August 2018: Toxicologic Pathology
Armando R Irizarry Rovira, Bindu M Bennet, Brad Bolon, Annamaria Braendli-Baiocco, Sundeep Chandra, Renaud Fleurance, Robert Garman, David Hutto, Joan Lane, Annette Romeike, Aaron Sargeant, Bevin Zimmerman
Colorless, intracytoplasmic vacuoles occur in multiple tissues in animals following repeated administration of polyethylene glycol (PEG)-conjugated molecules. The extent of vacuolation depends on physical characteristics and molecular backbone of the PEG and the dose, product, drug target/pharmacology, and duration of exposure. The collective experience gathered from multiple nonclinical toxicology studies of PEGylated biopharmaceuticals indicates that in general, PEG-related vacuolation is not associated with demonstrable cell and tissue damage or dysfunction and is reversible with sufficient duration of drug-free periods...
August 2018: Toxicologic Pathology
Natasha P Clayton, Alanna Burwell, Heather Jensen, Barbara F Williams, Quashana D Brown, Pamela Ovwigho, Sreenivasa Ramaiahgari, Tonia Hermon, Darlene Dixon
The use of three-dimensional (3-D) in vitro culture systems (spheroids, organoids) in biomolecular and drug discovery research has become increasingly popular. The popularity is due, in part, to a diminished reliance on animal bioassays and a desire to develop physiologically relevant cell culture systems that simulate the in vivo tissue microenvironment. Most evaluations of 3-D cultures are by confocal microscopy and high-content imaging; however, these technologies do not allow for detailed cellular morphologic assessments or permit basic hematoxylin and eosin histologic evaluations...
August 2018: Toxicologic Pathology
Daniela Ennulat, Michael Ringenberg, Kendall S Frazier
Nephrotoxicity is one of the more common causes of attrition in nonclinical drug development. Like most tissues, the kidney has a limited number of ways of responding to toxicological insults from diverse mechanistic pathways, which can limit the ability to determine mechanisms of renal injury using the assays routinely performed in preclinical toxicologic studies. In situations where the renal injury is unusual in morphology or if a therapeutic margin is low, additional investigative techniques may be needed to identify a potential mechanism of toxicity in order to inform clinical risk assessment or establish human relevance and translatability of the toxicity...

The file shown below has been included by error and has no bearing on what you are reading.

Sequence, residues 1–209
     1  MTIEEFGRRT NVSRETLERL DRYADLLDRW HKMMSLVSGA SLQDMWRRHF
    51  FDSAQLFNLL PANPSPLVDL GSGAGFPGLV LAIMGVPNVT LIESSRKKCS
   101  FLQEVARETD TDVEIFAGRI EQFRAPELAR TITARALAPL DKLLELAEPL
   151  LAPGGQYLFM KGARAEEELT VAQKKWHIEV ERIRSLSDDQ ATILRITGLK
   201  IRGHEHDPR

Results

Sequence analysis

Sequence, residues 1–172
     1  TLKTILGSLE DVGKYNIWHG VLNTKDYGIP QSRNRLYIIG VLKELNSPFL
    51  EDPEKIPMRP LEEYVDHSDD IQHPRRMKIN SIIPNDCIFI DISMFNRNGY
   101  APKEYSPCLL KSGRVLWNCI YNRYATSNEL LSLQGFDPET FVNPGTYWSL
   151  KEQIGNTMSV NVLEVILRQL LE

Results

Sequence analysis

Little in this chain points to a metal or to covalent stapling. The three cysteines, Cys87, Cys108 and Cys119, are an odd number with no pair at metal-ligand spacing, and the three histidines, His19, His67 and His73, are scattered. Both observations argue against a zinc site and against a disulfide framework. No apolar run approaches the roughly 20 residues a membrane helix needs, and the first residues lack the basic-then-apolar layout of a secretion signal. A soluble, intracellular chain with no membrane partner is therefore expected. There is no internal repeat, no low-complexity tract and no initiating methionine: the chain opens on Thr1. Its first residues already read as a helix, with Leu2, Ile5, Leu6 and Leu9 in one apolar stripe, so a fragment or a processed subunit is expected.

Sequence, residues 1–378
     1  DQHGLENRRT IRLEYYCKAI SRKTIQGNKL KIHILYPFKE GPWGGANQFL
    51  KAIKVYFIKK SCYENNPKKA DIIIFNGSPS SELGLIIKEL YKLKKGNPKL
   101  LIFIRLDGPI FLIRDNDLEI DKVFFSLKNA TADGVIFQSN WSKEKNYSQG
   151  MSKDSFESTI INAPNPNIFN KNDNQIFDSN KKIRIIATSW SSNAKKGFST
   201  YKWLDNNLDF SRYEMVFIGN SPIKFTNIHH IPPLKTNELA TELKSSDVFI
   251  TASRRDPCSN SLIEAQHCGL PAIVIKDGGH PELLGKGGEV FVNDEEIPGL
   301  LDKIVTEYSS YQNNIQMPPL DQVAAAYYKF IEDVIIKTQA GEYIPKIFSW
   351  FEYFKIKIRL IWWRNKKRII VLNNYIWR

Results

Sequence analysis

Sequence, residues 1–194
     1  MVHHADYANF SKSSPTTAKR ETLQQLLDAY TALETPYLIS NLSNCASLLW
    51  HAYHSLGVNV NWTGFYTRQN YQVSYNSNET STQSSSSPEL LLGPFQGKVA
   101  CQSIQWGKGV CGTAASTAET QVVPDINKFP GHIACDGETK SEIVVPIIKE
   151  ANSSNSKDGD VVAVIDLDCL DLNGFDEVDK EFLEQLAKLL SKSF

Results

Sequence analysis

August 2018: Toxicologic Pathology
Scott S Auerbach, Miaofei Xu, B Alex Merrick, Mark J Hoenerhoff, Dhiral Phadke, Debra J Taxman, Ruchir Shah, Hue-Hua L Hong, Thai-Vu Ton, Ramesh C Kovi, Robert C Sills, Arun R Pandiri
Hepatocellular carcinoma (HCC) is the third leading cause of cancer-related death worldwide; however, the mutational properties of HCC-associated carcinogens remain largely uncharacterized. We hypothesized that mechanisms underlying chemical-induced HCC can be characterized by evaluating the mutational spectra of these tumors. To test this hypothesis, we performed exome sequencing of B6C3F1/N HCCs that arose either spontaneously in vehicle controls ( n = 3) or due to chronic exposure to gingko biloba extract (GBE; n = 4) or methyleugenol (MEG; n = 3)...
August 2018: Toxicologic Pathology
Steve Teo, Madhav Paranjpe, Marie Mckeon, Peter Mann, Sophie Lee, Richard LaRock, Tom Brown
Benzonatate is a peripheral oral antitussive that dampens the activity of cough stretch receptors. Rodent carcinogenicity studies were performed in Tg.rasH2 mice and Wistar Han rats. Mice were orally gavaged benzonatate at 10, 30, 75, and 100 mg/kg/day for males and 5, 15, and 50 mg/kg/day for females. Rats were gavaged at 10, 30, and 90 mg/kg/day for males and 5, 15, and 50 mg/kg/day for females. Higher doses in males were due to differences in maximum tolerated doses in dose-ranging studies. In both species, benzonatate was not detected in plasma because of rapid ester hydrolysis producing 4-(butylamino) benzoic acid (BBA) and methylated polyethylene glycol polymer...
August 2018: Toxicologic Pathology
Yuval Ramot, Zadik Hazan, Andre Lucassen, Konstantin Adamsky, Vanessa Ross, Nigel Young, Matt Saunders, Helmut Ehall, Abraham Nyska
Mastic gum extracts are widely used as herbal remedies and are being tested for several clinical indications. Nevertheless, information on their safety is limited. RPh201 is an extract of the mastic gum, formulated and stabilized in a proprietary method, which is being developed as a novel drug candidate for neurological indications. The aim of this study was to assess the systemic toxic potential of RPh201, administered twice weekly by subcutaneous injections to minipigs, after 39 weeks of administration followed by a recovery period of 6 weeks...
August 2018: Toxicologic Pathology